What could be more delightful than a herd of cowbirds, a flotilla of frigatebirds or a pandemonium of parrots?
A bowl of spoonbills, perhaps.
One of my favorite of Anders’ photos is of a gangly Roseate Spoonbill coming in for a landing to join six others. So when I came across the fact that a group of spoonbills is called a bowl, the image was just so striking it made me laugh.
And of course it made me curious.
Turns out that our medieval ancestors dreamed up tons of terms for flocks of specific birds. There’s a “wisdom” of owls, a “mewing” of catbirds and a “slurp” of sapsuckers.
The lucky ducks get several monikers: a “safe,” a “raft” or a “paddling” while on land — or a “team” in flight.
Hummingbirds can be collectively called a charm, a glittering, a shimmer, a tune, a bouquet or a hover.
In 1486 Dame Juliana Barnes of England listed these “proper terms” in “The Book of St Alban.” They were included in handbooks to educate the English nobility — a way to distinguish the aristocracy from the less well bred.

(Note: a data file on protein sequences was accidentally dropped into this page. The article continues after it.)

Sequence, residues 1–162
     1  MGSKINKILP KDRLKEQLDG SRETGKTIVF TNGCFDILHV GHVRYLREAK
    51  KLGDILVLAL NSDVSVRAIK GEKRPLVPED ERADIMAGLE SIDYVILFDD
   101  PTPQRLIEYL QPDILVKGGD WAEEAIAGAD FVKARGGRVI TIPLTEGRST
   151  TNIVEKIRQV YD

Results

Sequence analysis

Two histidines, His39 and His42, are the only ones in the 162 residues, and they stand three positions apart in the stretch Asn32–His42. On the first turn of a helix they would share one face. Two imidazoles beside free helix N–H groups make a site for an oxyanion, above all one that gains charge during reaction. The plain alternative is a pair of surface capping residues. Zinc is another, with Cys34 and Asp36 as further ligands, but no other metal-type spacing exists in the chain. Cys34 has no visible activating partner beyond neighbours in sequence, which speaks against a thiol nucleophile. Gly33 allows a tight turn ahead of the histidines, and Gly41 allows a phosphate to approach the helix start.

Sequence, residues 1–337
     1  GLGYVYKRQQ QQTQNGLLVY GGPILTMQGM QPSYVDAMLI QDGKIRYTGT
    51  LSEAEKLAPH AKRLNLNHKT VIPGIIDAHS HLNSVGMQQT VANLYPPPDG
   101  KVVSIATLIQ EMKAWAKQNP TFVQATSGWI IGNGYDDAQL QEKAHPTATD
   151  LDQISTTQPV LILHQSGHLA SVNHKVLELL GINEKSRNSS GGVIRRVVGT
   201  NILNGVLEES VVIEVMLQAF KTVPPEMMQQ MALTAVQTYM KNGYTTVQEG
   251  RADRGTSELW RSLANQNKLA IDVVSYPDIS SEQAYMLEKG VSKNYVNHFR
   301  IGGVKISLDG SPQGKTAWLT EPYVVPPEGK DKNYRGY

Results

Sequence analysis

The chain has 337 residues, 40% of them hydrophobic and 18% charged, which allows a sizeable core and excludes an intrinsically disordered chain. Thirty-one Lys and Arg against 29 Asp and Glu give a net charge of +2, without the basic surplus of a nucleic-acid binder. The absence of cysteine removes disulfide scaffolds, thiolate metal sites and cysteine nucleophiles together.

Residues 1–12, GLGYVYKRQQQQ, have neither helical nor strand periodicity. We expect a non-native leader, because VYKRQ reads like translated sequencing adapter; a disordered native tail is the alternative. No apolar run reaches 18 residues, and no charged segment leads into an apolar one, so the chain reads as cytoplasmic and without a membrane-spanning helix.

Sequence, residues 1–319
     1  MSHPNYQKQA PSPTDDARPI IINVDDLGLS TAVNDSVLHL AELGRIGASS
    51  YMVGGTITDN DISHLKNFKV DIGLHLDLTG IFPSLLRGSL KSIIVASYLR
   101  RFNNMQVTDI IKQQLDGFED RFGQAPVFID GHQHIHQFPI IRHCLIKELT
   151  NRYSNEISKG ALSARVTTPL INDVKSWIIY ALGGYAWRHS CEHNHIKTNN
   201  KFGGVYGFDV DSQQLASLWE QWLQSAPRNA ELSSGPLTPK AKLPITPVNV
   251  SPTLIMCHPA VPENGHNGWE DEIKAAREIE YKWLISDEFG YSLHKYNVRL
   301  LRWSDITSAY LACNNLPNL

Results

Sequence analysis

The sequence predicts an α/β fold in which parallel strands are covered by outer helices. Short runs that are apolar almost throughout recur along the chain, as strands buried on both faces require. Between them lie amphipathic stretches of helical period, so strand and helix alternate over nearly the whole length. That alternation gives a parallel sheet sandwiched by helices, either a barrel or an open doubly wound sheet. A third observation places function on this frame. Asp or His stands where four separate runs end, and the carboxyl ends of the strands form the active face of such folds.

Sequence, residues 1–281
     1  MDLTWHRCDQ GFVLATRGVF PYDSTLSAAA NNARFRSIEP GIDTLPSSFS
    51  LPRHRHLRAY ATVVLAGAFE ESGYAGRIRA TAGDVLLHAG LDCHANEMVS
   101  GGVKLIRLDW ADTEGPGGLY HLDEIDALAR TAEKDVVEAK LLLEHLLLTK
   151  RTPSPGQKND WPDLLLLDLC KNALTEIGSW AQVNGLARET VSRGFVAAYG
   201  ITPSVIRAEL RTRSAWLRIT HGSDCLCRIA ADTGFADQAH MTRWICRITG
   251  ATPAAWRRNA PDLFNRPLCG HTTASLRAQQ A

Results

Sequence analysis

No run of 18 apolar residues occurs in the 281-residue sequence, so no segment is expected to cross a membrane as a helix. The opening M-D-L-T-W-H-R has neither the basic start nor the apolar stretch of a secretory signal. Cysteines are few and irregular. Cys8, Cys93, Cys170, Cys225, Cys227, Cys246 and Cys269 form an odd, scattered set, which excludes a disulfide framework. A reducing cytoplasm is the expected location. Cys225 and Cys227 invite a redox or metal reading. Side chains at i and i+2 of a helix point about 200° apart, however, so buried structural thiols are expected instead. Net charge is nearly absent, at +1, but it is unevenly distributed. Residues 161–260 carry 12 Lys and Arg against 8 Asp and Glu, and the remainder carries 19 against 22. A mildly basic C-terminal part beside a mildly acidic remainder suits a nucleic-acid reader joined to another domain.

Fast forward to 2001 and “An Unkindness of Ravens: A Book of Collective Nouns” by Chloe Rhodes. She says flocks tended to be named for peculiar habits, physical characteristics or a personality trait that people believed the birds to possess: A flamboyance of flamingos, a coronation of kingbirds, a constellation of starlings, a murder of crows.
Here’s a list of my other favorite names for flocks. But with a simple Google search, you can find tons more. Or check out this article in the UK magazine “Country Life” for a really great list.
Finches: charm or trembling
Jays: scold or party
Cardinals: Vatican or conclave
Gulls: a squabble or scavenging
Cormorants: flight, gulp, sunning or swim
Geese (or any
flock flying in a V): wedge
Warblers: a confusion, wrench or fall
Nightingales: a watch
Woodpeckers: a drumming
Sparrows: host or quarrel
Turkeys: rafter, gobble, gang, posse
Turtledoves: a pitying
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